Ethiopia tours & travel
Visiting a new country always brings a new set of circumstances and a different way of life. That’s why we travel, isn’t it? Here’s a bit of information to make your stay as smooth as possible.
With more than 80 ethnic groups in Ethiopia come just as many languages. The main working language is Amharic, a Semitic language with its own unique alphabet and numbers. The alphabet consists of over 200 unique symbols, or fidel, each representing a syllable, usually a consonant and a vowel sound together.
Amharic numbers are rarely used, mainly due to the lack of a character for zero (0). Rather, Indo-Arabic numbers are used, which is the same as in the Western world (1, 2, 3, etc).
Other widely spoken languages include Oromifa (Oh-roh-mee-fa) in the Oromo region and Tigrigna (Tee-gree-nya) in the region of Tigray.Department of Chemistry. Department of Geology.Institute for Climate change and Adaptation. Centre for Biotechnology and Bioinformatics. School of Computing and informatics.
The local currency is the Ethiopian birr. US dollars, Euros and GB Pounds can easily be exchanged. ATMs are available in Addis Ababa (Visa only) and in a few locations outside of the capital, though these should not be relied upon One birr noteas they can often be out of order and/or money. Visa users can also take cash advances at Dashen Bank branches throughout the country. Mastercard users can take a cash advance at the United Bank in the Hilton. Few hotels accept credit cards, and where they do, it will be visa only (except for the Hilton and Sheraton in Addis Ababa). Traveler’s checks are accepted in some locations, but travelers should bring the purchase receipt with them.
Remember to keep your receipts for ATM transactions or currency exchanges. You will need these in order to change any remaining birr to foreign currency before leaving Ethiopia.
Tourists arriving from the following 33 “tourist-generating” countries can obtain a Tourist Visa valid for 3 months at Bole International Airport upon arrival for a fee of $20 (USD): Argentina, Australia, Austria, Belgium, Brazil, Canada, China, Denmark, Finland, France, Germany, Greece, Ireland, Israel, Italy, Japan, Korean Republic, Kuwait, Luxembourg, Mexico, Netherlands, New Zealand, Norway, Poland, Portugal, Russian Federation, South Africa, Spain, Sweden, Switzerland, Thailand, United Kingdom, United States. Nationals from all other countries must obtain a visa before arrival.
Ethiopian Telecommunications is the sole provider of phone, mobile and internet services. SIM cards are difficult to obtain, but may be rented for the duration of your stay. Roaming services using international mobile SIM cards is rare. International phone calls and fax services are available in Addis Ababa and various locations around the country.
Internet cafes are widespread throughout the country, but connection speeds are mainly dial-up and can be very slow. Broadband connections are available in Addis Ababa but may vary in quality.
Ethiopia’s postal service is reliable, though can be slow. Post offices are generally open Monday – Friday from 8:30am to 5 or 6pm, but desks may actually close at 4pm and during lunch time. They are generally open on Saturday mornings as well.
Accommodation can vary widely in quality and price throughout Ethiopia, ranging from local standard to 5-star hotels in Addis Ababa. Camping is also available in certain locations, with amenities also varying in quality and availability. Particularly during festivals and high tourist season, reservations are recommended. It should be noted, though, that simple reservations via email or over the phone are not always honored. The best way to ensure a reservation is to pay in advance and keep all receipts. Abeba Tours does its best to match its guests with their accommodation preferences.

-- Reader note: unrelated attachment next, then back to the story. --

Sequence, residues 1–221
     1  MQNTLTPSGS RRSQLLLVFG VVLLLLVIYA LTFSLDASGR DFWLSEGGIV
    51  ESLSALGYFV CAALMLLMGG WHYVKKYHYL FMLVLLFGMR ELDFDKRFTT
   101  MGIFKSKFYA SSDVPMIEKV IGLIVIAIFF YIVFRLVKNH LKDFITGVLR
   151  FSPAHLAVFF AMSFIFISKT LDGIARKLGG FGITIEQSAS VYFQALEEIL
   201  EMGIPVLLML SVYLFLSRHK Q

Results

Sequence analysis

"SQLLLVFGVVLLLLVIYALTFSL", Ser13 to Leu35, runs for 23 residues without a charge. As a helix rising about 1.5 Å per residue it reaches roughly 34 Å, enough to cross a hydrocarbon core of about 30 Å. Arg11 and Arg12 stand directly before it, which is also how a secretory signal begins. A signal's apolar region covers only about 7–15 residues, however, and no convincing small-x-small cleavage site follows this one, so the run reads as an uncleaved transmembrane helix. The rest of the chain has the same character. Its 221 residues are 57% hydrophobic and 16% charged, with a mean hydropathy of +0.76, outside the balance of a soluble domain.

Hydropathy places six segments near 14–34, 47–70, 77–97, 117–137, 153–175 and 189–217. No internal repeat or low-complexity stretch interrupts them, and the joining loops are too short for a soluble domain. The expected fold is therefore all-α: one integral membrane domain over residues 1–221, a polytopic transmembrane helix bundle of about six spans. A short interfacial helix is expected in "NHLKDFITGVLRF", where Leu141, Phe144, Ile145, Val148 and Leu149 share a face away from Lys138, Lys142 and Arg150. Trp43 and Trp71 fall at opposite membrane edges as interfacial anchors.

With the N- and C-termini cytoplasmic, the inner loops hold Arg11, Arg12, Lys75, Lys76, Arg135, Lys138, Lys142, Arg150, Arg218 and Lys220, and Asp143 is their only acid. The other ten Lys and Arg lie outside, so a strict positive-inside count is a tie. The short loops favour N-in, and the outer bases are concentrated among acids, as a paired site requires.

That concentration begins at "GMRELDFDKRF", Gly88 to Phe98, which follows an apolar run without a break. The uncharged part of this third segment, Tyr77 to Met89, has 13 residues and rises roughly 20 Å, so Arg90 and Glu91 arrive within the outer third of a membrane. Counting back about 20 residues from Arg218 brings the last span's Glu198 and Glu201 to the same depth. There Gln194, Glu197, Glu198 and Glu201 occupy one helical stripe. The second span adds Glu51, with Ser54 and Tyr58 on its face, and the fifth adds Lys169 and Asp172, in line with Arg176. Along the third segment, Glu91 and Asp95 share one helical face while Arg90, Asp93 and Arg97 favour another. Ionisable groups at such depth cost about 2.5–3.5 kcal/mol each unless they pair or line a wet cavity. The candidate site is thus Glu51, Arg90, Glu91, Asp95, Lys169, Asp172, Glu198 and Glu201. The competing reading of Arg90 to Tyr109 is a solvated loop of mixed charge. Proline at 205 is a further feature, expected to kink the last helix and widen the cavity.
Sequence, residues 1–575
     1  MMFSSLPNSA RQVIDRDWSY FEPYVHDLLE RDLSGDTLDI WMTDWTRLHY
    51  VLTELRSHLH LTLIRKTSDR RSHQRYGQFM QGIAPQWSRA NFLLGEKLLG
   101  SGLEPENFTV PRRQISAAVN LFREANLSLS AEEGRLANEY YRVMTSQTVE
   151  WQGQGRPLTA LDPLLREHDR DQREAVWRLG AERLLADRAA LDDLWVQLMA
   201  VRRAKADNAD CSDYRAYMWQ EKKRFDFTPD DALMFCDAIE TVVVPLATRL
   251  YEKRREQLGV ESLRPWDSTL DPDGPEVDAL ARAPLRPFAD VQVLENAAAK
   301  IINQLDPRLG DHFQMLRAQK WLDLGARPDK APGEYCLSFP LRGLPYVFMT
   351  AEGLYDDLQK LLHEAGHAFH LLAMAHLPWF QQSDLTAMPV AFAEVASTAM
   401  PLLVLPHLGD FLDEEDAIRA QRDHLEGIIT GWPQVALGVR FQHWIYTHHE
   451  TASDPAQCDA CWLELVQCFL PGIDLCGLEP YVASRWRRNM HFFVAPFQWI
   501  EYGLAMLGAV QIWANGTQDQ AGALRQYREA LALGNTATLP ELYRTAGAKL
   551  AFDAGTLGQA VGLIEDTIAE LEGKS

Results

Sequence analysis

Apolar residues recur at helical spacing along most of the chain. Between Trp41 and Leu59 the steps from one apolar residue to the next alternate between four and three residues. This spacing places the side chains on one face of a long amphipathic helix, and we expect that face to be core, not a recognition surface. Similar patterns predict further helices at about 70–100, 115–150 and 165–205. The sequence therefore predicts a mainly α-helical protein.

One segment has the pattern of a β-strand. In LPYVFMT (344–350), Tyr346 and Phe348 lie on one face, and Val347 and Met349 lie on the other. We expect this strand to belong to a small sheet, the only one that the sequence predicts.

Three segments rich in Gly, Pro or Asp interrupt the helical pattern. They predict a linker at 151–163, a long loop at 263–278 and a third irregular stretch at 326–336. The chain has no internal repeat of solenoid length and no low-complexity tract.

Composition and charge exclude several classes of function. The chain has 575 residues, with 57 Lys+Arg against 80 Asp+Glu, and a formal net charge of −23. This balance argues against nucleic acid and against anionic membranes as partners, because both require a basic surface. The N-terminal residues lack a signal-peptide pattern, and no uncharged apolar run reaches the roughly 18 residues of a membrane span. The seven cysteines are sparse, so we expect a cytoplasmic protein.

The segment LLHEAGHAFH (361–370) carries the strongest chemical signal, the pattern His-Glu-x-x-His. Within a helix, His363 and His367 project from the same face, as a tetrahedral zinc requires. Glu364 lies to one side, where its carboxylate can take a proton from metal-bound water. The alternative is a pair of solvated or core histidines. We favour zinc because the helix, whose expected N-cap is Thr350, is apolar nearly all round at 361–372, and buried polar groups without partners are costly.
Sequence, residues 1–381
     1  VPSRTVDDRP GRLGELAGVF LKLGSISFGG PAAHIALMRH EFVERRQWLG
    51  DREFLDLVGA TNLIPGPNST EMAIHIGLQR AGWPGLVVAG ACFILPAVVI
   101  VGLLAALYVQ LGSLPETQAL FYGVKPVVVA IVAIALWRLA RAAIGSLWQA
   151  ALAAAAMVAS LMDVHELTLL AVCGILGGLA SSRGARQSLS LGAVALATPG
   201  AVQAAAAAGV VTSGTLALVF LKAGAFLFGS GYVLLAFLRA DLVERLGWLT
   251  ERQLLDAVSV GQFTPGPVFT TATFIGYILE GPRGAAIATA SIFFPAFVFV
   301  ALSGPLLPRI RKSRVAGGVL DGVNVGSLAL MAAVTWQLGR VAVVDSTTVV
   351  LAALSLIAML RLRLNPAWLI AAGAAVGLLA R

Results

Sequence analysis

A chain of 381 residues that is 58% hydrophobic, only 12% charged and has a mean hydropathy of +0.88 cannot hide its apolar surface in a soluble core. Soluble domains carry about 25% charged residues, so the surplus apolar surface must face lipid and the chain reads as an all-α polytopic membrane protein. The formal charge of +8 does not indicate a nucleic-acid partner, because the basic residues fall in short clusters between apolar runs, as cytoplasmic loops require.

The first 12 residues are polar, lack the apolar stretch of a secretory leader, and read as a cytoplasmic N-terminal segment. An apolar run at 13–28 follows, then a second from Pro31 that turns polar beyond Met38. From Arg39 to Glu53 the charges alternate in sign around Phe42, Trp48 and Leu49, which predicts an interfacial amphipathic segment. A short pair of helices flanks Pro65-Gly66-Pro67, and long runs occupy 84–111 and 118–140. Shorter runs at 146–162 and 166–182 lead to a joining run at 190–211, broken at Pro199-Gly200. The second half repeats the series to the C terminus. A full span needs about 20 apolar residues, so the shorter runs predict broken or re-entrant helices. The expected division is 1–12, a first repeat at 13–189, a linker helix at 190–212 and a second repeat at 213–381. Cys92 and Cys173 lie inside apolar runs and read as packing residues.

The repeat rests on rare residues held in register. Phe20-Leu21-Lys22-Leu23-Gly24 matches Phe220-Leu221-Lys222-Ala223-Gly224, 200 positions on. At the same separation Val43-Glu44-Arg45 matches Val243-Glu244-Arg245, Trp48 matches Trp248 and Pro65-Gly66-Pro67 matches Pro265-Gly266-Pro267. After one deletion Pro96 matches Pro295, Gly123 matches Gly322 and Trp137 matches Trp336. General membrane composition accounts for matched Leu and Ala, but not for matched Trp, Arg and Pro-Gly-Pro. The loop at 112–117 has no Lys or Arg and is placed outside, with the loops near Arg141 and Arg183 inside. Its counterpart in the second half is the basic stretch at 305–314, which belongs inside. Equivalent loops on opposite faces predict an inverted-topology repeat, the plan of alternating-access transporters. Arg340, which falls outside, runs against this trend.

Food & Drink;
The staple of every Ethiopian meal is injera, a spongy pancake-like bread. The injera is laid on a large platter with the main dish on top. Small pieces of injera are then torn off and used to pick up bite-size portions of the main dish. Ethiopian cuisineInjera is made from the local grain teff, mixed with water and allowed to ferment before it’s cooked on a large, flat pan. Dishes eaten with injera include a variety of meat (beef, lamb and chicken), stews (known as wat, they may be spicy or mild) and vegetables. A variety of international cuisines are available in Addis Ababa but may be less widespread outside the capital. Generally, pasta is always available.
Short-term guests are advised to drink bottled water to avoid any stomach discomfort during their stay. Soft drinks are wide-spread as well as fresh fruit juices. Coffee lovers will be delighted as Ethiopian coffee is some of the best in the world.
A variety of local Ethiopian beers are available as well as some locally-made wines. The local alcoholic beverages include tella, a local beer made from various grains, tej, local wine made from honey, and areki, a hard liquor made from maize.
Known as the Roof of Africa, much of Ethiopia sits in the highlands, between 1800 – 2400m. This keeps the climate temperate, with warm sunny days and cool nights. In the south the weather is particularly warmer, but the nights may still be cool. Rainy season is from June through September with a short rainy season in February and/or March. The Danakil Depression is hot year-round, with temperatures often exceeding 50 degrees Celsius.
Ethiopia follows the Julian calendar, which makes it approximately 7 years behind the Gregorian calendar (used in most of the Western World). The calendar consists of 13 months – 12 months of 30 days and a 13th month with 5 days (6 in leap year). The Ethiopian new year is September 11th. September 11th, 2008 rang in the year 2001 in Ethiopia.